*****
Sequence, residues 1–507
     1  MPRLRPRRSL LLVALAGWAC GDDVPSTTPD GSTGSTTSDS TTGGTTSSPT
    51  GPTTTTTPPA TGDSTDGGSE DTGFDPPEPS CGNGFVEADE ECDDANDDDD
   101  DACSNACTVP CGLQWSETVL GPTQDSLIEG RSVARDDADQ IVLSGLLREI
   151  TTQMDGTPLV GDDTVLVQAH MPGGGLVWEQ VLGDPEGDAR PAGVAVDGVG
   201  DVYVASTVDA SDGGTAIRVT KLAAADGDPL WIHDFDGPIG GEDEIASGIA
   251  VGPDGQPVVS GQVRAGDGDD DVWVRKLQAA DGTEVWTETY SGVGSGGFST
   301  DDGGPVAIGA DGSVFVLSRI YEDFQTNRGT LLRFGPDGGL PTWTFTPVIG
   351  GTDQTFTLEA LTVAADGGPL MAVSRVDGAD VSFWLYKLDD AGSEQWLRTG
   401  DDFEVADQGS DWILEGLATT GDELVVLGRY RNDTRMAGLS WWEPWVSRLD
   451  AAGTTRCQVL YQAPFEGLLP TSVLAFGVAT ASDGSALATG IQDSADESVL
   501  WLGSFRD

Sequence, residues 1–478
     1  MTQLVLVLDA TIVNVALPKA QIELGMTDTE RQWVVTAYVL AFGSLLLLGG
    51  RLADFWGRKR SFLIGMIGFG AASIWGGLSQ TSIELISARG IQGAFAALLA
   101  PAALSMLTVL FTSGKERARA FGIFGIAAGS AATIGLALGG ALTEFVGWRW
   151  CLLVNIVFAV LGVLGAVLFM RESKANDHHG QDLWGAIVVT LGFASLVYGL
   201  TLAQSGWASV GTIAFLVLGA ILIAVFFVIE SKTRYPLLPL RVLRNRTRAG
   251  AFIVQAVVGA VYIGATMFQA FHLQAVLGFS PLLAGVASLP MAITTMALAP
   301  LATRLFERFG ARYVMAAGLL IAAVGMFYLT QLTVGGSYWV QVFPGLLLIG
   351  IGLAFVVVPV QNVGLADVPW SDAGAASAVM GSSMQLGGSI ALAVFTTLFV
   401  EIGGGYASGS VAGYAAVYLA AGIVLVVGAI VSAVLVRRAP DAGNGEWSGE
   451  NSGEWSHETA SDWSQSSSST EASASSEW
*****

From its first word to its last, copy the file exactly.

Sequence, residues 1–507
     1  MPRLRPRRSL LLVALAGWAC GDDVPSTTPD GSTGSTTSDS TTGGTTSSPT
    51  GPTTTTTPPA TGDSTDGGSE DTGFDPPEPS CGNGFVEADE ECDDANDDDD
   101  DACSNACTVP CGLQWSETVL GPTQDSLIEG RSVARDDADQ IVLSGLLREI
   151  TTQMDGTPLV GDDTVLVQAH MPGGGLVWEQ VLGDPEGDAR PAGVAVDGVG
   201  DVYVASTVDA SDGGTAIRVT KLAAADGDPL WIHDFDGPIG GEDEIASGIA
   251  VGPDGQPVVS GQVRAGDGDD DVWVRKLQAA DGTEVWTETY SGVGSGGFST
   301  DDGGPVAIGA DGSVFVLSRI YEDFQTNRGT LLRFGPDGGL PTWTFTPVIG
   351  GTDQTFTLEA LTVAADGGPL MAVSRVDGAD VSFWLYKLDD AGSEQWLRTG
   401  DDFEVADQGS DWILEGLATT GDELVVLGRY RNDTRMAGLS WWEPWVSRLD
   451  AAGTTRCQVL YQAPFEGLLP TSVLAFGVAT ASDGSALATG IQDSADESVL
   501  WLGSFRD

Sequence, residues 1–478
     1  MTQLVLVLDA TIVNVALPKA QIELGMTDTE RQWVVTAYVL AFGSLLLLGG
    51  RLADFWGRKR SFLIGMIGFG AASIWGGLSQ TSIELISARG IQGAFAALLA
   101  PAALSMLTVL FTSGKERARA FGIFGIAAGS AATIGLALGG ALTEFVGWRW
   151  CLLVNIVFAV LGVLGAVLFM RESKANDHHG QDLWGAIVVT LGFASLVYGL
   201  TLAQSGWASV GTIAFLVLGA ILIAVFFVIE SKTRYPLLPL RVLRNRTRAG
   251  AFIVQAVVGA VYIGATMFQA FHLQAVLGFS PLLAGVASLP MAITTMALAP
   301  LATRLFERFG ARYVMAAGLL IAAVGMFYLT QLTVGGSYWV QVFPGLLLIG
   351  IGLAFVVVPV QNVGLADVPW SDAGAASAVM GSSMQLGGSI ALAVFTTLFV
   401  EIGGGYASGS VAGYAAVYLA AGIVLVVGAI VSAVLVRRAP DAGNGEWSGE
   451  NSGEWSHETA SDWSQSSSST EASASSEW